Happy Banned Book Week 2013!

Artwork courtesy of the American Library Association
Artwork courtesy of the American Library Association

If something is controversial, then it’s often worth reading. At least that’s my philosophy.

Banned Book Week happens near the end of September each year. Its purpose is to inform the public about the censorship that happens in libraries and schools. The books on the list are frequently challenged, and many are banned in various schools and libraries.

Here are the 10 most frequently banned books of 2012:

  1. Captain Underpants (series), by Dav Pilkey
    Reasons: Offensive language, unsuited for age group
  2. The Absolutely True Diary of a Part-Time Indian, by Sherman Alexie
    Reasons: Offensive language, racism, sexually explicit, unsuited for age group
  3. Thirteen Reasons Why, by Jay Asher
    Reasons: Drugs/alcohol/smoking, sexually explicit, suicide, unsuited for age group
  4. Fifty Shades of Grey, by E. L. James
    Reasons: Offensive language, sexually explicit
  5. And Tango Makes Three, by Peter Parnell and Justin Richardson
    Reasons: Homosexuality, unsuited for age group
  6. The Kite Runner, by Khaled Hosseini
    Reasons: Homosexuality, offensive language, religious viewpoint, sexually explicit
  7. Looking for Alaska, by John Green
    Reasons: Offensive language, sexually explicit, unsuited for age group
  8. Scary Stories (series), by Alvin Schwartz
    Reasons: Unsuited for age group, violence
  9. The Glass Castle, by Jeanette Walls
    Reasons: Offensive language, sexually explicit
  10. Beloved, by Toni Morrison
    Reasons: Sexually explicit, religious viewpoint, violence

It’s been a while since I’ve looked at a frequently challenged book list and realized that I’ve hardly read any of the books on it! Maybe I’m just getting old?

Fifty Shades of Grey is the only book on this list that I’m certain I’ve read. I feel like I might have read a Captain Underpants book at some point in elementary school, but I could be wrong on that.

Of the remaining books, The Glass Castle, Looking for Alaska, and The Kite Runner have been on my to-read list for some time. And Tango Makes Three might be worth a read too; since it’s a children’s picture book, it won’t take long to look through.

What’s your favorite book off of the 2013 Banned Book List?

Other Banned Book Week Posts:

Happy Banned Book Week 2011!

 

If a book is controversial, it’s often worth reading. That’s one of the reasons why I love Banned Book Week.

So, without further ado, I give you:

The Top 10 Most Frequently Challenged Books of 2010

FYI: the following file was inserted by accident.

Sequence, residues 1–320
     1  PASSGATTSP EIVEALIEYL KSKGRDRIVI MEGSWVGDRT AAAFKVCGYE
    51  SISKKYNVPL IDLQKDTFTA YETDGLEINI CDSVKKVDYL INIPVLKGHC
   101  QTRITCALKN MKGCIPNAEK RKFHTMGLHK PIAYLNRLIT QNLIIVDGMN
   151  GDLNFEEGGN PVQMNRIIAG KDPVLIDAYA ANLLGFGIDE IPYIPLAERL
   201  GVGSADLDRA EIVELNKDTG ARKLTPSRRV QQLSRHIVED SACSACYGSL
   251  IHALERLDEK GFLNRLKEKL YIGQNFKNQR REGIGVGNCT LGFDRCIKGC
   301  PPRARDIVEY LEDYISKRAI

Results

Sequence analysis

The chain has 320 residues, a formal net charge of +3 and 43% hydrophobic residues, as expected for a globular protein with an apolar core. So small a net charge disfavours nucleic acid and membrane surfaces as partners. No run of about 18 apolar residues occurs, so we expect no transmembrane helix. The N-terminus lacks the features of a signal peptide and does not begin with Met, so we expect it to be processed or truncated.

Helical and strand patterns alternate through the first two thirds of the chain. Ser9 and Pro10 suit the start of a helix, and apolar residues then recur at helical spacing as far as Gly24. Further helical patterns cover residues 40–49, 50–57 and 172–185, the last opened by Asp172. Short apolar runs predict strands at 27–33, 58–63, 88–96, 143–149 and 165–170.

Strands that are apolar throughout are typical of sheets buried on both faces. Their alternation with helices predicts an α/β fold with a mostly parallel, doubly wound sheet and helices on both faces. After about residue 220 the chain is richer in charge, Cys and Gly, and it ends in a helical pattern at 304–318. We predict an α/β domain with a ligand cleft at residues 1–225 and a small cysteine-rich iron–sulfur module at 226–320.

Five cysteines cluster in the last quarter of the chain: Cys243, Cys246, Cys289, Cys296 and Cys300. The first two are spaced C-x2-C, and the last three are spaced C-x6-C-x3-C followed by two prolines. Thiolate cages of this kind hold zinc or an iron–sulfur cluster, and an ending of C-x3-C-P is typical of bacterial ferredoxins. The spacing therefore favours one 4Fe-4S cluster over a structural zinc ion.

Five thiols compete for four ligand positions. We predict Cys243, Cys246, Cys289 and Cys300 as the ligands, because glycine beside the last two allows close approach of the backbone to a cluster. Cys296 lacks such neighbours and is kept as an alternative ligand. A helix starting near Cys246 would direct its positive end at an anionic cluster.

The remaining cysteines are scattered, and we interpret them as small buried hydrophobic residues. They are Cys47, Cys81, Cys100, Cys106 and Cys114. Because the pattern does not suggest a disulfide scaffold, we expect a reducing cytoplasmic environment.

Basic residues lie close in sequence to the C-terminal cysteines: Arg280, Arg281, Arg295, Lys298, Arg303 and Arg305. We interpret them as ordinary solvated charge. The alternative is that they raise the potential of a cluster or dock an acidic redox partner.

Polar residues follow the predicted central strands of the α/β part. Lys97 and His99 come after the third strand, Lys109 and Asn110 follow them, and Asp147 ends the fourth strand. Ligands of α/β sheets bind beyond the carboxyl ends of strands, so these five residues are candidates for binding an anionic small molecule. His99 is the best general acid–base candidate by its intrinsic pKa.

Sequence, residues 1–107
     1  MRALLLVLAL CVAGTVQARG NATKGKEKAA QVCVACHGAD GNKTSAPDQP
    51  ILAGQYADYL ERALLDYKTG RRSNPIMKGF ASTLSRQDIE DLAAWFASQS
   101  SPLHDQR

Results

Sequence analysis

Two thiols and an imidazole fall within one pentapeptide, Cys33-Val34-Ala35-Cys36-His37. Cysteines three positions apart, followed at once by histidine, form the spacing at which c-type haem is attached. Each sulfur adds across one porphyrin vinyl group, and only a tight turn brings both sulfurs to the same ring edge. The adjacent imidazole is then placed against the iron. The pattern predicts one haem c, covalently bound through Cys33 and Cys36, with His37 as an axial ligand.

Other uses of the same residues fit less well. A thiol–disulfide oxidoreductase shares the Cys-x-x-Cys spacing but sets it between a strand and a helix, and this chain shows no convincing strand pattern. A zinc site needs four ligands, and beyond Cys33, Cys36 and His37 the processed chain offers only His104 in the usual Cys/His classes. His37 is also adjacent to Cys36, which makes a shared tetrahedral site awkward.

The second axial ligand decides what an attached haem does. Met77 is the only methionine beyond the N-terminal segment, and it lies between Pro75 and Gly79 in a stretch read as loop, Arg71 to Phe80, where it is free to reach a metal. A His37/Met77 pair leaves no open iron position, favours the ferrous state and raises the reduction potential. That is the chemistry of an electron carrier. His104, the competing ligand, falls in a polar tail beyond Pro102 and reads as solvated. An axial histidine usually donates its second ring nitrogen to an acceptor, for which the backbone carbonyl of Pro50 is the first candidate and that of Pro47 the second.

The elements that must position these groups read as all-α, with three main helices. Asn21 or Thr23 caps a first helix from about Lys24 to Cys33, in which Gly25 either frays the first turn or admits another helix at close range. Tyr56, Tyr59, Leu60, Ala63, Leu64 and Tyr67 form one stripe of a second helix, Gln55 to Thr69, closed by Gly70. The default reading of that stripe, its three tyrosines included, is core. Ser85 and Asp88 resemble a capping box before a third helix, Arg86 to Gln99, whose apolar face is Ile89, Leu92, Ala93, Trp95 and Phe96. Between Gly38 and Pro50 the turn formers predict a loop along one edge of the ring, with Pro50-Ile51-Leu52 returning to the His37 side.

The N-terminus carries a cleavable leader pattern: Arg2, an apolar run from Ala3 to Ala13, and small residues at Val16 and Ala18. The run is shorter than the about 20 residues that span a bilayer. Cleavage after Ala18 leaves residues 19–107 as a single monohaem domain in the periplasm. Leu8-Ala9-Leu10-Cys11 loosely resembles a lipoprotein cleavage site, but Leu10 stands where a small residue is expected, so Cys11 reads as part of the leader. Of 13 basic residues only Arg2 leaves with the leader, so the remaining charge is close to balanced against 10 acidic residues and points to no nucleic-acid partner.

1. And Tango Makes Three, by Peter Parnell and Justin Richardson
    Reasons: homosexuality, religious viewpoint, and unsuited to age group
  2. The Absolutely True Diary of a Part-Time Indian, by Sherman Alexie
    Reasons: offensive language, racism, sex education, sexually explicit, unsuited to age group, and violence
  3. Brave New World, by Aldous Huxley
    Reasons: insensitivity, offensive language, racism, and sexually explicit
  4. Crank, by Ellen Hopkins
    Reasons: drugs, offensive language, and sexually explicit
  5. The Hunger Games, by Suzanne Collins
    Reasons: sexually explicit, unsuited to age group, and violence
  6. Lush, by Natasha Friend
    Reasons: drugs, offensive language, sexually explicit, and unsuited to age group
  7. What My Mother Doesn’t Know, by Sonya Sones
    Reasons: sexism, sexually explicit, and unsuited to age group
  8. Nickel and Dimed, by Barbara Ehrenreich
    Reasons: drugs, inaccurate, offensive language, political viewpoint, and religious viewpoint
  9. Revolutionary Voices, edited by Amy Sonnie
    Reasons:  homosexuality and sexually explicit
  10. Twilight, by Stephenie Meyer
    Reasons: religious viewpoint and violence

Of these books, I’ve read Brave New World, The Hunger Games, Nickel and Dimed, and Twilight.

Brave New World and Nickel and Dimed were required reading for school. The former was required for honors English in high school, and the latter for Intro to Sociology in college.

I don’t recall either book being inappropriate. My 15-year-old self thought that Brave New World paled in comparison to 1984 and was disappointed, but not scarred for life or anything. (On the other hand, Hemingway’s The Sun Also Rises, another book required for that class, scarred me for life. I almost died of boredom reading that thing! I never voluntarily picked up a Hemingway novel after that…)

I enjoyed Nickel and Dimed and finished it a couple of weeks before everyone else started the book. What can I say? I was looking for something to read and it caught my interest.

And of course you know my thoughts on Twilight and the Hunger Games.

What’s your favorite banned book?

Click here to read last year’s post for Banned Book Week.